Weekly Water-cooler Wisdom: "Maybe we shouldn't read too much into that thrashing the Pats gave the Bengals. Cincy lost to Tampa Bay last weekend, and they're showing signs of team disharmony."

Keep the faith,

- Scott

PS. 4-1!

Tuesday, October 10, 2006

Patriots 20, Dolphins 10 (10/8/2006)

On a day that started with me scraping ice off my windshield and ended with me getting a sunburn, the Patriots played a hot-and-cold game and came away with a 20-10 win over the Miami Dolphins. The win brings them into the bye week at 4-1, with a two-game lead in the division and victories over every other AFC East foe.

At the end of the game, a lot of the statistics looked even, but the Pats cashed in all three turnovers for 17 of their 20 points. Miami had an 80 yard touchdown drive but didn’t have another drive of more than 50 yards. And if you don’t get turnovers and can’t drive a long field, it’s going to be a long day.

The player of the game was Asante Samuel, who had two interceptions that set up fourteen easy points and six solo tackles to tie Chad Scott for the team lead. With Ellis Hobbs mostly MIA and Eugene Wilson out again, the secondary played pretty well, with Rodney Harrison forcing a fumble and continuing his improvement from last year’s injured knee.

But the story of the defense was the defensive line. They used a rotation system to keep the players fresh on a hot day, and they just dominated. When he was on the field, Vince Wilfork had a Pro Bowl level game, blowing up just about every running play before it even started making an unusually high six tackles from the nose guard position. Ty Warren and Richard Seymour continued to play excellent gap control; Jarvis Green got another sack (he now leads the team with 4.5 on the year) and Mike Wright even pitched in to keep the pressure on while his teammates rested. They notched only the one sack, but the line pressured the QB enough to force quick throws for short gains (allowing only 5.3 yards per pass play).

The linebackers did well, with Bruschi’s ten total tackles leading the team. They rotated linebackers, too, which gave Don Davis and Eric Alexander more snaps. But I expected more from Rosevelt Colvin and Junior Seau. It might have been the quick passing of the Dolphins, but both of them seems a step slow at times. Fortunately for the Patriots, the Dolphins are still the Dolphins, with some dropped passes, some penalties, and a poor offensive game plan.

The offense… ummmm, they didn’t pass the ball well or run the ball well… but aside from that everything was fine. Troy Brown was the best receiver on this day, with 5 catches for 58 yards and an important touchdown. Ben Watson turned a 4-yard catch into a 9-yard gain on third-and-eight, and he had two crucial catches as the Pats were winding down the clock. And that was about it in the passing game. Brady missed some receivers high or low, and a bunch of his passes were knocked down at the line (I counted six). His weekly injury status of “Probable – shoulder injury” might not be subterfuge after all; I suspect he might have just such an injury.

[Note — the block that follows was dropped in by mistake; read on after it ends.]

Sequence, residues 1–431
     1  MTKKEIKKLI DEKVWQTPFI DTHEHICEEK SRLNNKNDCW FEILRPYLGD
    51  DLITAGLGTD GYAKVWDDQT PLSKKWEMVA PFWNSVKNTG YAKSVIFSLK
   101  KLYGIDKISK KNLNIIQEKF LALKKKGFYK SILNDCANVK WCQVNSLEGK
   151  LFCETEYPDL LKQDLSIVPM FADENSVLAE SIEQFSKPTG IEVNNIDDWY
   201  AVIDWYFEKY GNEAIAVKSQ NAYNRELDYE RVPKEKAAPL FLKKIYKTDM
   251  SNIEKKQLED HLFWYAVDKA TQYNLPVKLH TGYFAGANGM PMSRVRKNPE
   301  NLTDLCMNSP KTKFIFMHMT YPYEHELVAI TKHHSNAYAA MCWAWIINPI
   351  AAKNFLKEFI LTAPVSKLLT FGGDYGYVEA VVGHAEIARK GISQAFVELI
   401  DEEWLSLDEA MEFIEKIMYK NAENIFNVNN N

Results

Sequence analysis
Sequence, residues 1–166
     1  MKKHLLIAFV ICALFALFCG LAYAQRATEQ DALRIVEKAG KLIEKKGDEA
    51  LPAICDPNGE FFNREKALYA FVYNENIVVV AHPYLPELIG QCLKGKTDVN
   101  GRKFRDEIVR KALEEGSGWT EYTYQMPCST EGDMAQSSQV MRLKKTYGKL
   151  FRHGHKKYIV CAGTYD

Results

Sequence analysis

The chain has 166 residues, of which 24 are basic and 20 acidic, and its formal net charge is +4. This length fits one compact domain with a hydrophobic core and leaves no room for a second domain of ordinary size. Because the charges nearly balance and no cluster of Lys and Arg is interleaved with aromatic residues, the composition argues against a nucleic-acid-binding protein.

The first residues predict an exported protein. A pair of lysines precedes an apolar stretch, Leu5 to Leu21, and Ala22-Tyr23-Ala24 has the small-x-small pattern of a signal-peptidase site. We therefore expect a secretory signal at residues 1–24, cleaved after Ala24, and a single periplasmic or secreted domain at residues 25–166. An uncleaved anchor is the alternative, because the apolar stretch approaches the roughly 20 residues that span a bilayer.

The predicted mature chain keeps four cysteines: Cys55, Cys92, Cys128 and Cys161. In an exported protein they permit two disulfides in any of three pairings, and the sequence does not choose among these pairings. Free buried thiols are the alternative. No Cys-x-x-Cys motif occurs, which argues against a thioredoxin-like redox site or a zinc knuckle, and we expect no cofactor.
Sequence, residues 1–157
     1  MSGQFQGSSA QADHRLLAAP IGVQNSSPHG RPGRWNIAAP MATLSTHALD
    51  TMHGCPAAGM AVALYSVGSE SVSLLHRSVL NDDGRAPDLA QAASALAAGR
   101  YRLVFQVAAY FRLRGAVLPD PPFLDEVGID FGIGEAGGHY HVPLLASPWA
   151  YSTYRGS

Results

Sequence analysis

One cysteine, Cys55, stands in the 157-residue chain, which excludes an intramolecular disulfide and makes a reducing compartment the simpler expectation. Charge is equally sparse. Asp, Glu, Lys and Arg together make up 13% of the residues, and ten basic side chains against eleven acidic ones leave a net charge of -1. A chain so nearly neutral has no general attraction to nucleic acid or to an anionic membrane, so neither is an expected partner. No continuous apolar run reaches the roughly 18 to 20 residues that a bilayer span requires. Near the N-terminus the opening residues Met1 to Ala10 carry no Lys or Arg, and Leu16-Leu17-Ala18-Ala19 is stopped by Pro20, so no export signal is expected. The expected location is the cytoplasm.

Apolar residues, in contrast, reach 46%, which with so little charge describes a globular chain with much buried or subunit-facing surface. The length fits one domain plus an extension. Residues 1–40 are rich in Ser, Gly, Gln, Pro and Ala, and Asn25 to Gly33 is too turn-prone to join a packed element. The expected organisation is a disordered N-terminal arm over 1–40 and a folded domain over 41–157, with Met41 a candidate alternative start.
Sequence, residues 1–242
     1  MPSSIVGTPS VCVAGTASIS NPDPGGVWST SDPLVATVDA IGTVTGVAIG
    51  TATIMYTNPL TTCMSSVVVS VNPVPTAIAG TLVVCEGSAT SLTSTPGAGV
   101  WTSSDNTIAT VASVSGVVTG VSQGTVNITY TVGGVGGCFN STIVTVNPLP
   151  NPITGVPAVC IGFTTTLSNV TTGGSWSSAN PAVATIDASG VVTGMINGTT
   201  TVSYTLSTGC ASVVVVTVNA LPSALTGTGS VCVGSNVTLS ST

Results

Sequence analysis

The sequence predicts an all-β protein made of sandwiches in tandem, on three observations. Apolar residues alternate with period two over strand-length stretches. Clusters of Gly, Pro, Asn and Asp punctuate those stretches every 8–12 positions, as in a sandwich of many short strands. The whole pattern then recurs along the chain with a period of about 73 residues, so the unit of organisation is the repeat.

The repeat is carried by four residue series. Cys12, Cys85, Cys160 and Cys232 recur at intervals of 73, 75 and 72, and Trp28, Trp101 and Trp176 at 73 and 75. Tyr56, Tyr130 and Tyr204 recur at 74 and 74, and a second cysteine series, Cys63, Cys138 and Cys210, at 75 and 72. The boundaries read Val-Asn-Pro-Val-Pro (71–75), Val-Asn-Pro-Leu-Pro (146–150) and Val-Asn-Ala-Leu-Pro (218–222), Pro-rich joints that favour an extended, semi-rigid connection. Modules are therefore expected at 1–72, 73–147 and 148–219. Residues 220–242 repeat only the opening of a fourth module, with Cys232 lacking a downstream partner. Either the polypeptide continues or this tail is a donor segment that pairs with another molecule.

Now, if the Patriots want to save Brady the trouble of throwing all the time, they have to run the ball better. They had only 79 yards on 34 carries, and rookie Laurence Maroney looked like a rookie this week. At least Corey Dillon (10 rushes for 45 yards) could make a few yards when the running lanes were clogged; Maroney averaged only 2.1 yards a carry and didn’t have a catch all day. Miami does have a good running defense; but the Patriots O-line didn’t open nearly enough holes or get a decent push off the ball. All-in-all, a day to forget.

But even with the offensive problems, they took advantage of the short field when the defense got turnovers. Their scoring drives averaged 30 yards, with three coming after Dolphin turnovers. And that was good enough to win by 10 points.

The special teams were also hot-and-cold. They blocked an Olindo Mare field goal attempt and tackled the punter with the ball later in the game. But Kevin Faulk gave Miami their only turnover when he fumbled a punt late in the game Then again, rookie kicker Stephen Gostkowski didn’t miss any field goals this week. That’s progress, right?

So where does all that leave us. Well, the Pats are on their way to their fourth straight division crown. They are tied for the third-best record in the NFL (tied with five other teams, sure, but still tied) in a division where every other team is below .500. They’ve got a bye week and then their toughest stretch of the season, with road games in Buffalo and Minnesota and then a home game against Indy (why, oh why, do the Colts always seem to play us here?). So things are looking bright and sunny for the time being. I'll write up some mid-season observations for next week, and then we'll see how they do coming out of the bye week.

Weekly Water-cooler Wisdom: “Tell me again why the Dolphins were supposed to be Super Bowl bound. They beat five cupcake teams to end last season, and they have a new QB and a new offensive system for the third straight year. I mean, they lost to Cleveland 22-0 last year… how could anyone think they were good?”

Keep the faith,

- Scott

PS. 4-1!

Monday, October 2, 2006

Patriots 38, Bengals 13 (10/1/2006)

They just don't lose two games in a row... they just don't. The Patriots vanquished the latest pretenders to the thrown, casting the Bengals out of the penthouse suite to sleep with the fishes after a 38-13 trouncing that left even big-mouth bass Chad Johnson speechless. Coupled with the Jets loss to Indy, the win propelled the Pats into the AFC East lead all alone, and re-cemented their status as one of the great bounceback teams in NFL history. They have now played 53 games without losing two in a row -- the second-longest post-merger streak in the league.